There are a number of factors that undermine our expert efforts and yet we don’t seem ready to acknowledge let alone address them.  First, foreign ownership. We seem very relaxed about the fact that 61% of UK manufacturing firms are foreign owned. In a recent interview, business minister Baroness Neville-Rolfe claimed that 320 UK manufacturing businesses (nearly two thirds of this sector) employing over 500 people are now owned by foreign companies, i.e. with over 50% of their shares in foreign hands.

According to the Office for National Statistics (ONS), in 2014 foreign investors owned £1.7 trillion-worth of British companies – up nearly 10 percentage points from 43.4% in 2010 to 53.8pc by 2014. This means that foreign ownership has jumped £167.7bn over this five-year period – from £760.9bn to £928.6bn. Looking at a geographical breakdown, North America was by far the biggest owner, with 46% of all foreign ownership, European investors owned 26%, while those living in Asia held 16% of quoted UK shares. This means that decisions about the focus and priorities of UK companies are being decided in overseas HQ’s, automatically putting us at a disadvantage. Without doubt foreign investment is positive, but we should also recognise that many of these companies have a greater loyalty to the ‘home base’. Possibly a more centrally controlled sourcing and procurement process might ensure that these companies ‘feed’ their UK subsidiaries more actively.  Second, we let others get ahead. February 7, 2017, a train left Djibouti for the capital of Ethiopia, Addis Ababa. This was major news for the region as it is the first transnational railway in Africa and will cut the 4-day road journey to just 12 hours by train. The Prime Minister of Ethiopia, Hailemariam Desalegn, said, “This line will change the social and economic landscapes of our two countries.” Of great interest, from our perspective, was the role of China, which designed the system, supplied the trains and imported hundreds of engineers for the six years it took to plan and build the 466-mile line. Plus, nearly all the $4 billion cost was financed by China. Source: Andrew Jacobs, The New York Times.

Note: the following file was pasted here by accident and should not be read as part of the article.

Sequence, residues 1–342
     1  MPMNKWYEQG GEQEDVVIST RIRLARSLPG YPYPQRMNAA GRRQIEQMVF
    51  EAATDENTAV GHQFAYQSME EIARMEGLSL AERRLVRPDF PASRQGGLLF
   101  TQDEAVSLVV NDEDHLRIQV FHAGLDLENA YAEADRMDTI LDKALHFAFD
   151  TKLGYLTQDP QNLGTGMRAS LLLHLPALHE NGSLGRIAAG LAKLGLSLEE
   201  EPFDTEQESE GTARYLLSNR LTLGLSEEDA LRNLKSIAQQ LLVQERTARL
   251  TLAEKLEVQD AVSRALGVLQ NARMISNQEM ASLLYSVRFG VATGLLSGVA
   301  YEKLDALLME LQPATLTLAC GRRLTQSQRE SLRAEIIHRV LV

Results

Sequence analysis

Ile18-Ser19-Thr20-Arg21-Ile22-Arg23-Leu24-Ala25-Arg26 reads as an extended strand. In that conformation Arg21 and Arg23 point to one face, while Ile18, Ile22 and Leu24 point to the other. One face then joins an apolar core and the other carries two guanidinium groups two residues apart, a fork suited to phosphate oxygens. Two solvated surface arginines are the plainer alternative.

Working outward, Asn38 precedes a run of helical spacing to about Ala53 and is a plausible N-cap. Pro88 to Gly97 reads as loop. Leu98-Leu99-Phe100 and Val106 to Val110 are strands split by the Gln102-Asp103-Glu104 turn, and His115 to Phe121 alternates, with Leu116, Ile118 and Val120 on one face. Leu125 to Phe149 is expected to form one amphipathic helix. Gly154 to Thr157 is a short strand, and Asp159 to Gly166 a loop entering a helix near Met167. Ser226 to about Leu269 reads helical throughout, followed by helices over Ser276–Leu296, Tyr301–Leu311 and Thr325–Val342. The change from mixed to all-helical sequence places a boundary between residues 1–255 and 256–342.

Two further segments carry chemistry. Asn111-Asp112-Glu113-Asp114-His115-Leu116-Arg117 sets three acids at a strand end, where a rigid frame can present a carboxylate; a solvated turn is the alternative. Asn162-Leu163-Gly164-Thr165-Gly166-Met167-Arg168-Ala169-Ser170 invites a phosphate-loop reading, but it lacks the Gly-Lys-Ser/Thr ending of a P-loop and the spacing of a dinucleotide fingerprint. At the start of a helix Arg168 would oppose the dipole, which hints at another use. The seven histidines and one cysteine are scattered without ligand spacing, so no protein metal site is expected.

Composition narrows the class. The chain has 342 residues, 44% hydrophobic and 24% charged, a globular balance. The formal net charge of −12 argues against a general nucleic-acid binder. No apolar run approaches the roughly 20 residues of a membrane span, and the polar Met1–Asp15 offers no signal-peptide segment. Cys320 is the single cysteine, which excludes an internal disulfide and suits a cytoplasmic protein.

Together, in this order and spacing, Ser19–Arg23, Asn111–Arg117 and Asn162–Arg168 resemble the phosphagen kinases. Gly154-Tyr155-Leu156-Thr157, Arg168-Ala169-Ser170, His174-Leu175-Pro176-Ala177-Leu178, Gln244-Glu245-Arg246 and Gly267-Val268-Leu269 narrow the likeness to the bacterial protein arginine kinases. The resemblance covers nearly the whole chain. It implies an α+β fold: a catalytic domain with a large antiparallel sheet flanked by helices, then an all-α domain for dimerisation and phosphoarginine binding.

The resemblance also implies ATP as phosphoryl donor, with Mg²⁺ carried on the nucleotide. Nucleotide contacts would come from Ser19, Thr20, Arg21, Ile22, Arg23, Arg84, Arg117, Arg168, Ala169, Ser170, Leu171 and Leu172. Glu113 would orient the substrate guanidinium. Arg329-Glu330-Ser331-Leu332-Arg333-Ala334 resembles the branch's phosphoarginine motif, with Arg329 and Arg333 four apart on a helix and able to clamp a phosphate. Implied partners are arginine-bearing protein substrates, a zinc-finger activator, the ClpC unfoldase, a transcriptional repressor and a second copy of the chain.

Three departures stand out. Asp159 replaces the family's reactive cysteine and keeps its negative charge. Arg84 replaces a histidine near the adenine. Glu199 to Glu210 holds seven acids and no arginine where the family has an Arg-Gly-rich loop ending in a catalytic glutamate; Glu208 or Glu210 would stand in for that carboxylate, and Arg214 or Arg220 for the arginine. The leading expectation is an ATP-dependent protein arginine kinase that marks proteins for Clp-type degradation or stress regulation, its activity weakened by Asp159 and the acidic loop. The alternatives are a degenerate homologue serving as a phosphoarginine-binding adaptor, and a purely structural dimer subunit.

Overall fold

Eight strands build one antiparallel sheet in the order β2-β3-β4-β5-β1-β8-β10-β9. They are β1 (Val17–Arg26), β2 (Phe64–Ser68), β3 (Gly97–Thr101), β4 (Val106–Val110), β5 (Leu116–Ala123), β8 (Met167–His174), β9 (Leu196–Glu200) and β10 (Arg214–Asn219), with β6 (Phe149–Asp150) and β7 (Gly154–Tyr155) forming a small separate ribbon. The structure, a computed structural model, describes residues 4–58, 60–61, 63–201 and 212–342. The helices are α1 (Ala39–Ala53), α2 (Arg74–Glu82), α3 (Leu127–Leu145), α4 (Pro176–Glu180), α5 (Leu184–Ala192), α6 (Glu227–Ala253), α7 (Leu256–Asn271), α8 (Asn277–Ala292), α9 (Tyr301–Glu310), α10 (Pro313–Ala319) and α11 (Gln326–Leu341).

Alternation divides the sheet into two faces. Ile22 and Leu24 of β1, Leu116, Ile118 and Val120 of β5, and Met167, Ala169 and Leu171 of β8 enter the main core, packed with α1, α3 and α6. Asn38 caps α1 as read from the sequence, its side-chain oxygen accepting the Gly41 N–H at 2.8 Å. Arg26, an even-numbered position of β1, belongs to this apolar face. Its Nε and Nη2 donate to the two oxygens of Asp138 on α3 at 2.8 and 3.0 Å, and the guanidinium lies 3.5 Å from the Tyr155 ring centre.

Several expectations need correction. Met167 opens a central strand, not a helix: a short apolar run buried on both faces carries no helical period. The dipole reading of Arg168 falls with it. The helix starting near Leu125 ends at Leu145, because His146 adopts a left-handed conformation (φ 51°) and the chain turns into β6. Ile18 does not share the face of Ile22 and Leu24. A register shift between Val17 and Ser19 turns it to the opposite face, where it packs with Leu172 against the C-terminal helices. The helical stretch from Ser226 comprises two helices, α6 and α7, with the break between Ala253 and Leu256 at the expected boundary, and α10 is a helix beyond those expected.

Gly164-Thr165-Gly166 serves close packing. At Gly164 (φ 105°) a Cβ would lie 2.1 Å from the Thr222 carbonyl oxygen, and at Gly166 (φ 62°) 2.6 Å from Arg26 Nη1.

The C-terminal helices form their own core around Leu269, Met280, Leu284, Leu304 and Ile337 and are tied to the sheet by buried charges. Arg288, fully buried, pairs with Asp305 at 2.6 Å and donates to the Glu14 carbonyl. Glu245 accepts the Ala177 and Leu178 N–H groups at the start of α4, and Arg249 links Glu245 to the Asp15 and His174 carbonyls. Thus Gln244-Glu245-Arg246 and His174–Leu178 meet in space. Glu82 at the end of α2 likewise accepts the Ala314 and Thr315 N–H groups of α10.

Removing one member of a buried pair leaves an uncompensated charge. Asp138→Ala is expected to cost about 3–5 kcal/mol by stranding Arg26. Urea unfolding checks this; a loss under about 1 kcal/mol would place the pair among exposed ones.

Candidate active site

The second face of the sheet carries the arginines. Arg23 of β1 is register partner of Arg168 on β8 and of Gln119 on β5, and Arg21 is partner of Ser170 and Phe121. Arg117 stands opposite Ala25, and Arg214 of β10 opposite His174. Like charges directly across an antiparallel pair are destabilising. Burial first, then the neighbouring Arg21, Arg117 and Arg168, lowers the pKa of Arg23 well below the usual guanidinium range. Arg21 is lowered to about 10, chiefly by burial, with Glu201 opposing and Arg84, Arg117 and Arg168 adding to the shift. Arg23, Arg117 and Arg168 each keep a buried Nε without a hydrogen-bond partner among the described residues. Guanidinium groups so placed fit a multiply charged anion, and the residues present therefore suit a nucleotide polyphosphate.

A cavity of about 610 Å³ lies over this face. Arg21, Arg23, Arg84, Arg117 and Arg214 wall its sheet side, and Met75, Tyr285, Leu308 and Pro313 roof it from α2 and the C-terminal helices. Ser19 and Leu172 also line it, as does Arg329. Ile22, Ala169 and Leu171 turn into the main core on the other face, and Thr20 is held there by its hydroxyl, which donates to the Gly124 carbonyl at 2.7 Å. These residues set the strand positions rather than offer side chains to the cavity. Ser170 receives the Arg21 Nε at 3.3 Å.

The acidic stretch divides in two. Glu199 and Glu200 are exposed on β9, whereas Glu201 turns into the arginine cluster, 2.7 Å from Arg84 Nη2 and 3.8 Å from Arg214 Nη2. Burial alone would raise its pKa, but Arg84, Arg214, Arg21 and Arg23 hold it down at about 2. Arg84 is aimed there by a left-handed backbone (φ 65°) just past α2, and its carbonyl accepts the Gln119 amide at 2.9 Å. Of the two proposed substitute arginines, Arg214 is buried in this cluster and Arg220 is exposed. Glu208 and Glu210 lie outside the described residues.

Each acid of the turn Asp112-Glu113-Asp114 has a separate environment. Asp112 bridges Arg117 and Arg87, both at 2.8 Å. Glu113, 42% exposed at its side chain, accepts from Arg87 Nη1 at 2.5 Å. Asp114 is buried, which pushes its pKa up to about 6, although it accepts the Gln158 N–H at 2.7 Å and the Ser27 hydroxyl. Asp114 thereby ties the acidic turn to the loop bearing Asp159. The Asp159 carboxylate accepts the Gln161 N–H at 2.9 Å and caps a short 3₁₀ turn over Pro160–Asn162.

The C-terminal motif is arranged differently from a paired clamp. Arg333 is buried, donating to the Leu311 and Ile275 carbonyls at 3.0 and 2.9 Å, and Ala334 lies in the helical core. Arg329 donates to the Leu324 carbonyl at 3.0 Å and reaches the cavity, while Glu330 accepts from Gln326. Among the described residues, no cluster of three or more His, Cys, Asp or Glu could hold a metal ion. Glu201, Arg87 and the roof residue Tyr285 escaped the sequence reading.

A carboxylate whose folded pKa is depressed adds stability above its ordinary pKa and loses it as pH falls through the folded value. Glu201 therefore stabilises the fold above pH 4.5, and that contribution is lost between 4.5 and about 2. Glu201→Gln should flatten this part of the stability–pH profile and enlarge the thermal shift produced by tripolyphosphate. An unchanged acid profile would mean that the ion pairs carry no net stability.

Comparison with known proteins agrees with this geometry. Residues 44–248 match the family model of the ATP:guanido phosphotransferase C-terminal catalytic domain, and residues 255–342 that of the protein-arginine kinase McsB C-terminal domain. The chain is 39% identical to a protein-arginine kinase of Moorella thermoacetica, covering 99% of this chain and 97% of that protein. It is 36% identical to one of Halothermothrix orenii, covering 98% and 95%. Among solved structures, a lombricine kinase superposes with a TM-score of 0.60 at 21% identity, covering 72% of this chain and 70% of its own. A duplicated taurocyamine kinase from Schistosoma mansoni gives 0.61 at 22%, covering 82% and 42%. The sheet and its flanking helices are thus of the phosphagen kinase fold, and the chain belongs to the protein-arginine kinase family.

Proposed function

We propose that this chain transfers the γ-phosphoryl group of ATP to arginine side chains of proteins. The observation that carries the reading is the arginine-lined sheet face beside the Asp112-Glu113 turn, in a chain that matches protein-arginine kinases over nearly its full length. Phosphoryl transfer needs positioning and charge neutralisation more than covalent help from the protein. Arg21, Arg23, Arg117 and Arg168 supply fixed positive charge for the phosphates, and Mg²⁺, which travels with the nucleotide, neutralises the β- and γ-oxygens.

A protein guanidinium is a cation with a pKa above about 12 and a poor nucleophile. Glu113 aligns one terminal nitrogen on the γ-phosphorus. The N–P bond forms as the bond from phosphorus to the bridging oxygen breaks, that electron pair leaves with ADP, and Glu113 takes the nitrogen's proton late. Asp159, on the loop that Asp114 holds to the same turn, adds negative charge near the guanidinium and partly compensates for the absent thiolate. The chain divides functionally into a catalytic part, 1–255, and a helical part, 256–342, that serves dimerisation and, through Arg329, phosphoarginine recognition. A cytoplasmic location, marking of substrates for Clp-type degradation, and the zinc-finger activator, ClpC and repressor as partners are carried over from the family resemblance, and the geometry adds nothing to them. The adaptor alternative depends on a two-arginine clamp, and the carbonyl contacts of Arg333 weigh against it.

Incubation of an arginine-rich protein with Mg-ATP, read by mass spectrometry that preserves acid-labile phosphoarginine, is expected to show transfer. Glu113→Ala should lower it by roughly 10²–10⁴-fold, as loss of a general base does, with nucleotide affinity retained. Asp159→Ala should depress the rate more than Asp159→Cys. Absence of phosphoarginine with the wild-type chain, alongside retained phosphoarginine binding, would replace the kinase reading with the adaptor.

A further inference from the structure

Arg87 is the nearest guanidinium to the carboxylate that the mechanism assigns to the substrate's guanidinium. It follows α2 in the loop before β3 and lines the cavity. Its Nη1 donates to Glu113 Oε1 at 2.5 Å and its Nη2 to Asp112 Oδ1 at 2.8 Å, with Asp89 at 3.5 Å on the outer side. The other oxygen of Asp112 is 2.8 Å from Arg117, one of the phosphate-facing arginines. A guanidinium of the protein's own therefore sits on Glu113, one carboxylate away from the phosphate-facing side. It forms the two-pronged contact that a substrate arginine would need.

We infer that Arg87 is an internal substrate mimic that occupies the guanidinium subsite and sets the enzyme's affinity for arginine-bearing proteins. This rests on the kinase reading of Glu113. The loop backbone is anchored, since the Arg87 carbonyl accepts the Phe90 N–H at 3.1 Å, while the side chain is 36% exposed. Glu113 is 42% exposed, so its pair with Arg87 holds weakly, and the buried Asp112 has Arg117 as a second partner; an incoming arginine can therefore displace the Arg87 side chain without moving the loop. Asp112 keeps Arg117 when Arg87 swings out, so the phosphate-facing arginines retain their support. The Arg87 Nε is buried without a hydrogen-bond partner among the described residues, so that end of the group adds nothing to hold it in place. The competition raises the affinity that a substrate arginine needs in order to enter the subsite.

So where, we have to ask, was the UK? Furthermore, China is designing its next generation of trains that can carry passengers at a top speed of 500 kilometers (310 miles) an hour and cargo at 250km/h, with wheels that can adjust to fit different track gauges used around the world.  Jia Limin, a professor at Beijing Jiaotong University has reportedly said that under an ambitious government plan starting this year, the country is developing trains that can run on a hybrid-propulsion system that allows higher speeds. Using the enhanced technology and expanded network;  “China will have the experience to operate high-speed rail networks in the world’s most diverse geographic and climatic conditions, from deserts to alpine plateaus to rainforests”, said Jia during an interview in Hong Kong. “That gives Chinese technology the unique ability to adapt to any condition anywhere in the world.” Third, we don’t all play to the same rules. When it comes to winning overseas contracts, we are not on a level playing field. The reality is that many countries give funding assistance to companies chasing major projects which gain cheaper funding with fewer restrictive terms (they are more open to risks) and over a longer term – not 14 years, but the 25/30 years needed to depreciate the costs of the services. Reading the Government websites, the impression is that things are moving ahead well in terms of exports. The reality we encounter when discussing the above points is very different with every possible objection or reason for not doing something being placed in our path. The attitude seems to be one of preserving the barriers to business rather than looking for solutions.
In addition, there is considerable confusion over interpretations of the Bribery Act 2010, in particular as to what constitutes ‘Facilitation’. Perhaps this is naivety on our part, but many UK companies have been burnt overseas and consequently are now hesitant about expanding their international scope.